During his remarks in Doha, the secretary pledged to continue trying to broker an agreement between Qatar and the four states—Saudi Arabia, the United Arab Emirates, Bahrain and Egypt—that have isolated the country over allegations of support for terrorism.
The schism threatens to derail U.S. plans to form a Middle East Strategic Alliance envisioned as a counterpart to the North Atlantic Treaty Organization.
Asked about his hosts’ reaction to his comments in Doha, Mr. Pompeo said the Saudis also hope to heal the rift with Qatar.
“We can certainly provide assistance and support, but at the end of the day those countries have to get it back together,” Mr. Pompeo said.
The fate of Khashoggi might come as a shock to many Americans, but it’s nothing new. A U.N. report reveals that over “3,000 allegations of torture were formally recorded” against Saudi Arabia between 2009 to 2015, according to The Guardian, with the report also noting a lack of a single prosecution of an official for the conduct.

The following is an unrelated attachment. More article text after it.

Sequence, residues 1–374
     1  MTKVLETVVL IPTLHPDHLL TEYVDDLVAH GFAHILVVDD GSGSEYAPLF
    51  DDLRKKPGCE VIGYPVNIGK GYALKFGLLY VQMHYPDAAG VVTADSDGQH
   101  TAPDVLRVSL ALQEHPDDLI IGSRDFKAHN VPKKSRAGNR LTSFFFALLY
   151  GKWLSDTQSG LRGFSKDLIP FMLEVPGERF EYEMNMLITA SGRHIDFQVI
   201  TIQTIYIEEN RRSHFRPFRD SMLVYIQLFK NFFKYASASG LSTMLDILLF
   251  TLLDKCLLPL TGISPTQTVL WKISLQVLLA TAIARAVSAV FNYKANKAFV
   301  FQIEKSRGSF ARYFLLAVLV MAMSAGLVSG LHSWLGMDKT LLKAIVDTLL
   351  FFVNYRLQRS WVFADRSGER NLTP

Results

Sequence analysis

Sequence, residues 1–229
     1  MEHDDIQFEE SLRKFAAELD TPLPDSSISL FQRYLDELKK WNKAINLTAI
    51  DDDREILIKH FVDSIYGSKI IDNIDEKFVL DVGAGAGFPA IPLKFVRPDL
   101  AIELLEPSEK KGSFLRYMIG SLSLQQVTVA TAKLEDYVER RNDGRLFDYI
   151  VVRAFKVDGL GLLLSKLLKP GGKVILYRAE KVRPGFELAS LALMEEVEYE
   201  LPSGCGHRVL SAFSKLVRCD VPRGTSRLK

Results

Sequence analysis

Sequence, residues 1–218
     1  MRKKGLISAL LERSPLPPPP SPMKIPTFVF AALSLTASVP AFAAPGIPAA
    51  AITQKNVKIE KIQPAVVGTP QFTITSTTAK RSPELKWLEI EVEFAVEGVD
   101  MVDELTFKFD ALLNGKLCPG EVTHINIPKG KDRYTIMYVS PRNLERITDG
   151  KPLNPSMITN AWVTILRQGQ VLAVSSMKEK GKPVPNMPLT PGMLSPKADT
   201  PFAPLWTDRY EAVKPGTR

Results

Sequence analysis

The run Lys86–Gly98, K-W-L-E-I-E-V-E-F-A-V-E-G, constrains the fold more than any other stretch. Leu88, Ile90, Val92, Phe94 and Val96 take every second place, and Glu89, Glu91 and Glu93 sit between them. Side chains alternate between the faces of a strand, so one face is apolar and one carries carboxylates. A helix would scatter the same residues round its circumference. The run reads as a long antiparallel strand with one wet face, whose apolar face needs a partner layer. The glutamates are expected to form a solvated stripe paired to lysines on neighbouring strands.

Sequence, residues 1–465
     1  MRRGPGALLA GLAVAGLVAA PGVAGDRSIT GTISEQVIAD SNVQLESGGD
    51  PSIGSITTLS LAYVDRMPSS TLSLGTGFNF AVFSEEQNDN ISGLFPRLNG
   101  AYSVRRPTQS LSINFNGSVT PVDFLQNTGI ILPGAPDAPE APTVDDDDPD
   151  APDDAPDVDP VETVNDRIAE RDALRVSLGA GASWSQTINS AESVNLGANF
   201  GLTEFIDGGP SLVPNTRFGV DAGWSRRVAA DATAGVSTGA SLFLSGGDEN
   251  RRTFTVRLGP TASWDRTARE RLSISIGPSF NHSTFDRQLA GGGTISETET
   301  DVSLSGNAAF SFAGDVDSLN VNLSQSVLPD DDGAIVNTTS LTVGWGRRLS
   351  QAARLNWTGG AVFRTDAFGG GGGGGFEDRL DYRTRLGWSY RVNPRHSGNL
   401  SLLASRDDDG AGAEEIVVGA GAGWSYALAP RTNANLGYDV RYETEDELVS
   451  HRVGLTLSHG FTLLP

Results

I have been attempting to expose this for many years. Others in the U.S. government know it, but either won’t admit it or attempt to brush it aside. It’s a fact that the Kingdom of Saudi Arabia is the largest sponsor of radical Islam on the planet, and no other nation is even close.
.. Since the 1980s, over $100 billion has “been spent on exporting” Wahhabism (the brand of Islam that controls Saudi Arabia and is most prevalent in madrassas). According to Foreign Policy Magazine, an “estimated 10 to 15 percent of madrassas are affiliated with extremist religious or political groups,” while the number of madrassas in places like Pakistan and India has increased exponentially – from barely 200 to over 40,000 just in Pakistan.